Driving in Cairo is absolutely INSANE.
I did read about this a bit in my Lonely Planet. A couple of excerpts:
• One of your enduring (and hopefully not too painful) memories of the Middle East will undoubtedly be the driving standards: the driving is appalling by Western norms. Fatalism and high speed rule supreme. Many regulations are, in practice, purely cautionary. Car horns, used at the slightest provocation, take the place of caution and courtesy.
• It may sound silly, but the greatest challenge most travelers face when traveling through Egypt is crossing the street in Cairo. Our advice is to position yourself so that one or more locals form a buffer between you and oncoming traffic, then cross when they cross – they usually don’t mind being used as human shields. Never, ever hesitate once you’ve stepped off the sidewalk; cross as if you own the road. And do it fast.”
Or my personal favorite,
• In Egypt road rules are something that the average Cairene has heard of, but only in jokes.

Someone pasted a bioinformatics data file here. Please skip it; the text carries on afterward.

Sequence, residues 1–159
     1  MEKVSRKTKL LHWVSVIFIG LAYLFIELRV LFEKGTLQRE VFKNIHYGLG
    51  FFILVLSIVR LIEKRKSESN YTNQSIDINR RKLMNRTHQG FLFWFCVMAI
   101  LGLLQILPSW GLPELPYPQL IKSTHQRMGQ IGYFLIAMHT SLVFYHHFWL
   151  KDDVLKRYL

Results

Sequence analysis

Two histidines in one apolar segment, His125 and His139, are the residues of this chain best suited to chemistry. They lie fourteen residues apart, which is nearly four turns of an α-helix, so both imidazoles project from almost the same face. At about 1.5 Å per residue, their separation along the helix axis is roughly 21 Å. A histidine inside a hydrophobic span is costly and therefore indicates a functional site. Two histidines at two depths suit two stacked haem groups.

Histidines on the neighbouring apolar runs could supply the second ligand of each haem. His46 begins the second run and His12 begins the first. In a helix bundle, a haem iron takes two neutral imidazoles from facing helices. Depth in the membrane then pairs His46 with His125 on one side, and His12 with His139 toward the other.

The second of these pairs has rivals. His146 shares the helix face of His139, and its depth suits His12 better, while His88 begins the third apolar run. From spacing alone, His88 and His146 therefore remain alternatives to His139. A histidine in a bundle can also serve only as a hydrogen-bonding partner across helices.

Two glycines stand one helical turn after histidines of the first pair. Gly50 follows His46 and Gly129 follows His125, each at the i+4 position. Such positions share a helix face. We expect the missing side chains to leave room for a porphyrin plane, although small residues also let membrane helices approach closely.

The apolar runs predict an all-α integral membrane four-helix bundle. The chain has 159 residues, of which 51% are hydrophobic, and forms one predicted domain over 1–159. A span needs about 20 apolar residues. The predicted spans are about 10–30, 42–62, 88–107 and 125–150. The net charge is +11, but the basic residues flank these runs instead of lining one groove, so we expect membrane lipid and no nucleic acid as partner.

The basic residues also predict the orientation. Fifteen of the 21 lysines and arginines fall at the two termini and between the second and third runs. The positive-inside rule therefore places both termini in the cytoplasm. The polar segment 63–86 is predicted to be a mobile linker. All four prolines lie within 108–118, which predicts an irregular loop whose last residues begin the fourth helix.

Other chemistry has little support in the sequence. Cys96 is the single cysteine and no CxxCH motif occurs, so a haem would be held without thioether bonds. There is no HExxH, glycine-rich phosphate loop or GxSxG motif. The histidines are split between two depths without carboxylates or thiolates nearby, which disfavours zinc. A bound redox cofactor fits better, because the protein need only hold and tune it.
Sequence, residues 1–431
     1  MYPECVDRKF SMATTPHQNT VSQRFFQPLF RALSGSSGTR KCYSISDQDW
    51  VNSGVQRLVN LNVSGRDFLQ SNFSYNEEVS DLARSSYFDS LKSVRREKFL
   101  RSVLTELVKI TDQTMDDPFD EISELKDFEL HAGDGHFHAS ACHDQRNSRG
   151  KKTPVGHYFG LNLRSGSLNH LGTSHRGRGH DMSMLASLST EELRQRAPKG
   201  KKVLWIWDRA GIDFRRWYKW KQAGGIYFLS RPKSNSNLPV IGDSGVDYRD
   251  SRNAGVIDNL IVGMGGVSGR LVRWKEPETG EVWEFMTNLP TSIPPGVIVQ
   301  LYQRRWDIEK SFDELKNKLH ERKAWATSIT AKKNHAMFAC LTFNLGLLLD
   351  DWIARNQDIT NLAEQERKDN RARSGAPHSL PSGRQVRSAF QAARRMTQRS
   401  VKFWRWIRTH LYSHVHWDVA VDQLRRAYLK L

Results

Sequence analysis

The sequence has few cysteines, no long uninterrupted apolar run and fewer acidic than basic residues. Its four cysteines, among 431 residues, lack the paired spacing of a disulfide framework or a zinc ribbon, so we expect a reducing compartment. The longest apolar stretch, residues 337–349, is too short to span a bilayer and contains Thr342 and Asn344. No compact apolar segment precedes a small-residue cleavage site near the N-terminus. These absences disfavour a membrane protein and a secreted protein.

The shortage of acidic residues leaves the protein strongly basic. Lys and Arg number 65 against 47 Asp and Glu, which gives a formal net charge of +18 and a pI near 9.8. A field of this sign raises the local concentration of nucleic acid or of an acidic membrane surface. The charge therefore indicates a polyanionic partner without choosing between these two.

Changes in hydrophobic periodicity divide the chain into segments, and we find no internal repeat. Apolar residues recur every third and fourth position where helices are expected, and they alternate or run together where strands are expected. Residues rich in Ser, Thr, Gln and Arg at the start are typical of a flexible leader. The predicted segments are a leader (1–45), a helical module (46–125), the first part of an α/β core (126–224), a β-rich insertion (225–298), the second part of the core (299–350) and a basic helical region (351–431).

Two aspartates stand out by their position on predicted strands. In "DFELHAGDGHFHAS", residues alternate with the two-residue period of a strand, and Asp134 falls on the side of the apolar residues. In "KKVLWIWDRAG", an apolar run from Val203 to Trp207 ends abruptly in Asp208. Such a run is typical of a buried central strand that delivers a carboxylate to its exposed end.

Still, I somehow envisioned it to be no worse than Brazil.
Oh, how wrong I was.
To describe it as total and utter chaos would be a massive under-exaggeration. Nobody pays attention to stoplights at all, and people will literally walk right out into a 4-lane road full of cars. If there’s not enough space to make it all the way across, that’s alright – they’ll just stand between two lanes with traffic zooming by less than an inch away on either side. The horns blare moreso than in China, and motorists weave in and out of every lane, shoulder, and inch of extra space. When viewed from above, there’s no differentiation at all between pedestrian and motorist areas – it’s just one huge mesh of motion.